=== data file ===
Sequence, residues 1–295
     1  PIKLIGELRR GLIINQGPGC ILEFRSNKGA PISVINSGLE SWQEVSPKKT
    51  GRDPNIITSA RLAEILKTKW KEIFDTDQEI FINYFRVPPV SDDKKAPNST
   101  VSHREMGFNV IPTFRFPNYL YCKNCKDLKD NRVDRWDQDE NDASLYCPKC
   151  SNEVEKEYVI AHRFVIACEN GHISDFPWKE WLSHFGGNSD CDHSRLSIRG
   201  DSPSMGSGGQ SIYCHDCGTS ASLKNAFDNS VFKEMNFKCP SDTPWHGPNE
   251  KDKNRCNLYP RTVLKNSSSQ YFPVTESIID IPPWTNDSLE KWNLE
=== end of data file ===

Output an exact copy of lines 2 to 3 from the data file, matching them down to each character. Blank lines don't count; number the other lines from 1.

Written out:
     1  PIKLIGELRR GLIINQGPGC ILEFRSNKGA PISVINSGLE SWQEVSPKKT
    51  GRDPNIITSA RLAEILKTKW KEIFDTDQEI FINYFRVPPV SDDKKAPNST